” I met my girlfriend through a mutual friend just a few months after I came out. Things moved quickly between us even although she had recently just split with her ex. It was all very messy actually as they were still cutting ties when I entered the scene.
Her ex had told me that I should be careful because she had a bit of a temper but at the time I ignored this warning, I just thought she was jealous (this thought was enthusiastically supported by my girlfriend).
From the beginning of our relationship it was extreme; we were either completely in love or we were at each other’s throats and fighting. Fights could be around anything – family, money, work, ex partners, the weather.
At one point in our relationship my girlfriend lost her job and she became quite reliant on me. This caused her great issues and although I was the one earning money she wanted to be in control of the finances. I allowed this as I recognised it was a big deal for her and she was feeling insecure.
There were lots of “incidents” over the course of our relationship. I had attended minor injuries a couple of times with broken bones and black eyes. I was losing confidence from her criticism and I was exhausted from her jealousy and my constant efforts to reassure her.
When I realised I might need help it occurred to me that we didn’t have many friends – we were really quite isolated. My family were still struggling with my sexuality, specifically they thought I’d let my child down even although I was successfully co-parenting my son despite a difficult split from his dad. It occurred to me that if I asked them for help this would just fuel their opinion that my sexuality was wrong or a phase.
On the very few occasions that I had confided in people about what was going on I wasn’t taken seriously. I had told one of my friends about the abuse but he laughed it off “were you fighting over shoes?” The abuse was just downplayed as a “girlie” disagreement that couldn’t possibly result in any harm or would somehow be some sort of sexualised entertainment for others to watch. This left me silenced but also I felt so alone and confused.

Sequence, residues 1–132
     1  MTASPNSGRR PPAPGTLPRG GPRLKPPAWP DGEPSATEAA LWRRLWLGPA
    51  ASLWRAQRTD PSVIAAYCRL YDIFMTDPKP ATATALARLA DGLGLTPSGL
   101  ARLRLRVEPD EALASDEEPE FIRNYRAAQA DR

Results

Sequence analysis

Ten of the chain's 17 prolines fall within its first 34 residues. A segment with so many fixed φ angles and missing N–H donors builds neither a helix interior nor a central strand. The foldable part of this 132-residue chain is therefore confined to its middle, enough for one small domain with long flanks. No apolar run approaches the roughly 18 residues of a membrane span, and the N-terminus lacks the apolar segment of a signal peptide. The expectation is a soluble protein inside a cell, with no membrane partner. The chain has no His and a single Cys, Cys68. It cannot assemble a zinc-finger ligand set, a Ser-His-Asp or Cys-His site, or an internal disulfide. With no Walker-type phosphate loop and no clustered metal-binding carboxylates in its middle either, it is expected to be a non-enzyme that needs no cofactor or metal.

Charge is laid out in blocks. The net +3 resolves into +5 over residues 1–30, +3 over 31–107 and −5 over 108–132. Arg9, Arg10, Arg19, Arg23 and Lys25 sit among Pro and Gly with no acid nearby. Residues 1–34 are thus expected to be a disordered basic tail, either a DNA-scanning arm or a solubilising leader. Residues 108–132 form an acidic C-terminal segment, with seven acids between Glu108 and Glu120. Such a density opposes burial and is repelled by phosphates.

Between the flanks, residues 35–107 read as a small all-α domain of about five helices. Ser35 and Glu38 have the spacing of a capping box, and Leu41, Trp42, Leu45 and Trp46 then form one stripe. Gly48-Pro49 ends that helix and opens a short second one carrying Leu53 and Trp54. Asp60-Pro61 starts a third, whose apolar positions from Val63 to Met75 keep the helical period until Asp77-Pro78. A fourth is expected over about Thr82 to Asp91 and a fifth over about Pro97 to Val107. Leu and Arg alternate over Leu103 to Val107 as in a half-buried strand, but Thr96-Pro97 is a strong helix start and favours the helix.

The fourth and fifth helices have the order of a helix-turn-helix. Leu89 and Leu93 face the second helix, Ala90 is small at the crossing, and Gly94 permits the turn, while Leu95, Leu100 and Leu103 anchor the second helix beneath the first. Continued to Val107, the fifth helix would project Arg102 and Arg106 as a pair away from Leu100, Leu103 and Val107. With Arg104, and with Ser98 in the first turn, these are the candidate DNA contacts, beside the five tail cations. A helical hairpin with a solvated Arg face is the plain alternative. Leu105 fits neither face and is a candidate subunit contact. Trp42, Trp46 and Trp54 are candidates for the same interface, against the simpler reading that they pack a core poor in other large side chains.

I was genuinely starting to think it was acceptable for a woman to behave in this way or that I had gotten it all wrong and it was just me!
It was after a particularly difficult and long evening of arguing that I decided to look for help. I was nervous when I first approached Women’s Aid East & Midlothian (WAEML) through fear of rejection and lack of acceptance about my sexuality however right at the outset there was no assumption my partner was a man. The worker I met with initially didn’t refer to the sex of my partner until I did and this didn’t seem to make any difference so I was very quickly put at ease. “
Do you need help? Know someone who does? Contact us now.
” My worker helped me create a safety plan so I could escape from the relationship, it wasn’t easy. I tried to access help in a refuge, however, my income meant I just couldn’t afford it. So initially I didn’t have anywhere to go and with a lack of peer support I found myself in bouts of depression and anxiety.
I accessed the Freedom Programme (find this on the Resources page). This was great and really helpful although I did find I ended up hiding my sexuality. The facilitators always made a point of explaining the tactics could be used in same sex relationships and they new my situation so always checked on me, but the majority of the woman on the programme spoke of how men had treated them and so they assumed it was the same for everyone. I just didn’t have it in me to explain so I let everyone assume I was straight, this is my only regret as it meant I didn’t take the opportunity to extend my friendships with others beyond the group and was more about my own fear of being judged than by anything any of the women said or did.
The support I’ve had from WAEML has been incredible. I have now escaped the abusive relationship and living on my own. My family are more accepting of my situation and co-parenting whilst it is still difficult it is starting to get easier and less bitter. I’ve recently met a new partner and she is helping to restore my faith in relationships but we are taking it slowly. I see a positive future and I agreed to share my story because I want to encourage any woman living with abuse to reach out – help is available and it can make a difference. “